The only way to achieve such balance is to increase the efficiency of water use, but progress has been slow. Growing rice in Sri Lanka remains needlessly water intense. An average of 20 tons of water is used to grow one kilo of rice. Astonishingly, three quarters of this is used to suppress weeds, and not to meet the rice plant’s own needs. (As the late Ray Wijewardene used to say, water was becoming the most expensive herbicide in our land).
Proven innovations such as the System of Rice Intensification (SRI) can reduce this waste. This eco-friendly method keeps paddy fields moist with leaf mulch, and more than halves the water to produce the same yield. SRI has been adopted in many countries in South and Southeast Asia, but Lankan farmers have been slow and even resistant to such change.
Profligacy is generally frowned upon in our society – except in irrigated water, it seems. Despite agriculture’s shrinking contribution to the GDP (now around 12%), the farmer is a ‘Sacred Cow’. He is rarely questioned or challenged, even when his ways are utterly unsustainable.
It isn’t just a question of pampered paddy. IPS points out that many farmers are now moving into intensive commercial agriculture, and “privately oriented land/water management strategies are rapidly being adopted”.
Private choices, but with far reaching implications on common property resources.
Groundwater extraction, though not specifically mentioned by IPS, is one such ‘private strategy’. So far, this practice is completely unregulated in Sri Lanka.
The International Water Management Institute (IWMI) noted in 2005 that there were around 50,000 agro-wells in our dry zone, many of them built during the two preceding decades. That boom was triggered by a subsidy for brick and concrete-lined wells introduced in 1989. It was aided by many aquifers being close to the surface, which made digging of shallow wells and drilling tube wells relatively cheap.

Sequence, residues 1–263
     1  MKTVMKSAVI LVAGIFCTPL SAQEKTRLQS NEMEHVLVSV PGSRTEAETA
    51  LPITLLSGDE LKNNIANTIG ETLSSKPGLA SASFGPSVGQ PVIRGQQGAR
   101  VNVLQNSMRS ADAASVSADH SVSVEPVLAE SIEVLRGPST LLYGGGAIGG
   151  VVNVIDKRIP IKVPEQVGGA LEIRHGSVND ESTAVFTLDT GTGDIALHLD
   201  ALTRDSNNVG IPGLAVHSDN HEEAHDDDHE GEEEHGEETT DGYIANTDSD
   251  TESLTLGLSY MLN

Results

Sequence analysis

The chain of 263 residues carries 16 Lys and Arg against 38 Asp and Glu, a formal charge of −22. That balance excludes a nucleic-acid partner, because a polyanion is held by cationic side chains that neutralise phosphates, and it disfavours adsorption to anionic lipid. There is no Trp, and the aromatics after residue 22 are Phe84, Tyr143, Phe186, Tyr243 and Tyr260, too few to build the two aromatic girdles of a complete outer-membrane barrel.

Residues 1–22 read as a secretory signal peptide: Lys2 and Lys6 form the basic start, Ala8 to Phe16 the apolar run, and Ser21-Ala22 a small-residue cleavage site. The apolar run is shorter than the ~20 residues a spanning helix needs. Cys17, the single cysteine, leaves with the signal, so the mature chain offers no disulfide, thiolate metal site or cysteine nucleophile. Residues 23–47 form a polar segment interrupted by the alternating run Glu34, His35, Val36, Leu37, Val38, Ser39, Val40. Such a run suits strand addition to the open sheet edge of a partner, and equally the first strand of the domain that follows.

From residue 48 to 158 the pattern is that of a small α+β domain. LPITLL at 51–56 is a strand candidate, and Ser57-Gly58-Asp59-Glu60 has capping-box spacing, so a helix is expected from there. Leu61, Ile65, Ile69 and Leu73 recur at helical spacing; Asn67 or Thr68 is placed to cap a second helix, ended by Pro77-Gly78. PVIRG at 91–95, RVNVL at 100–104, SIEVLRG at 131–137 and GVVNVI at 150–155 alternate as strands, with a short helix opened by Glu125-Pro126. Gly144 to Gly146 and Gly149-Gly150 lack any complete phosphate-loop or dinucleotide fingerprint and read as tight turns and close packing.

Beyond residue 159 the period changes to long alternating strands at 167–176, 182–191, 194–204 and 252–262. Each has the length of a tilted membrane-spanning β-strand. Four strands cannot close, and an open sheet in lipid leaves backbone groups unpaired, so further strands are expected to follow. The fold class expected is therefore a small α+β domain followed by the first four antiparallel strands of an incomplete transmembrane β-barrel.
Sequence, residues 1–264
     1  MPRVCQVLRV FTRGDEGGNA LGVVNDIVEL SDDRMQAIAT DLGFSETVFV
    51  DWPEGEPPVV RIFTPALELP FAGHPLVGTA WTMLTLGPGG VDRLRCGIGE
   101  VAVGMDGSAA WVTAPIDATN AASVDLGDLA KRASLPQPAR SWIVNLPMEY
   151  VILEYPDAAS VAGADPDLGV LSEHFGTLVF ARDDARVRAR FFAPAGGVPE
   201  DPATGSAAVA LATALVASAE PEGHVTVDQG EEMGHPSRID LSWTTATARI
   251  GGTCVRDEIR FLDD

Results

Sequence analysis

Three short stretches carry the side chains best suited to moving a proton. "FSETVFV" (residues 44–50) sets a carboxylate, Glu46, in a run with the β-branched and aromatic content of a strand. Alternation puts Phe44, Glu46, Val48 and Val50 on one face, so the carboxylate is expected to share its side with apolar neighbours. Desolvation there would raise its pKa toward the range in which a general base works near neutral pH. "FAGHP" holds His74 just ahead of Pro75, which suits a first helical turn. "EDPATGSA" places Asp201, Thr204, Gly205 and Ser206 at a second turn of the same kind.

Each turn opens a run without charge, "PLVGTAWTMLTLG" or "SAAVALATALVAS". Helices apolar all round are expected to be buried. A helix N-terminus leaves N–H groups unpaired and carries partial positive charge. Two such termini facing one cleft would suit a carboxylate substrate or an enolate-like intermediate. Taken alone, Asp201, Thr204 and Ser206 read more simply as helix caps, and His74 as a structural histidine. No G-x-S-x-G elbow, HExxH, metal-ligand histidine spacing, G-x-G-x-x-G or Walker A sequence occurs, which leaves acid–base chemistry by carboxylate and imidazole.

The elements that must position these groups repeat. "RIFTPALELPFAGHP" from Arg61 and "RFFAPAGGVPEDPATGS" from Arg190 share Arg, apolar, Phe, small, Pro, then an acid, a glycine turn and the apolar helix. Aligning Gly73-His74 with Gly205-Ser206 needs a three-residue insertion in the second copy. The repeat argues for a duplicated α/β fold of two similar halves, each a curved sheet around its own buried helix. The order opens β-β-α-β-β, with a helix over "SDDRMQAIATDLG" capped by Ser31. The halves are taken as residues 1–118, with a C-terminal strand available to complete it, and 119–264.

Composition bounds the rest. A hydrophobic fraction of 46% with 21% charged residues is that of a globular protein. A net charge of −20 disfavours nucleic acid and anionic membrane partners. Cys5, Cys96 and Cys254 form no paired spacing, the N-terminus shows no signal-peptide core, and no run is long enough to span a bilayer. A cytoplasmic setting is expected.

In a 2005 policy brief, IWMI cautioned that groundwater overuse could make water levels to drop so far that small farmers won’t be able to access the water at low cost. It could also lead to serious health problems from groundwater pollution.
“Much is at stake. But there is also a great opportunity to learn from –and avoid — the mistakes made in other countries,” IWMI said.
Groundwater misuse is not just a dry zone or agricultural concern. The pressures are even greater in cities and towns. Last year, the Colombo Municipal Council’s Chief Medical Officer confirmed that Colombo’s groundwater is contaminated with sewage. There is no data yet on the groundwater quality in other cities.
Yet the first attempt to regulate groundwater use last year – by introducing a license – was vehemently opposed. Environmentalists protested without even debating the issues involved. As a result, the private, haphazard and indiscriminate extraction of groundwater continues and expands – to everyone’s peril.
Dr Rohan Samarajiva, Head of LIRNEasia and infrastructure specialist, said at the time: “What we need at this point is a fact-based discussion of what the appropriate solution is. Not simple-minded protests about charging for water.”
Alas, discussions of water policy in Sri Lanka are too often emotionally charged. Water sector professionals are intimidated by vocal activists with good media access to amplify their alarmism. Time bombs are ticking away while romanticised notions block real debate.
Policy makers, researchers and activists must rise above their entrenched positions. We also need good research data and analysis, pragmatic policies informed by such evidence, and a truly consultative process that involves all water users — and not just the loudest.
That’s the only way to tackle formidable challenges in water management, made more complex by climate uncertainties and rising human aspirations. The UN-designated International Year of Water Cooperation, in 2013, provides a useful window.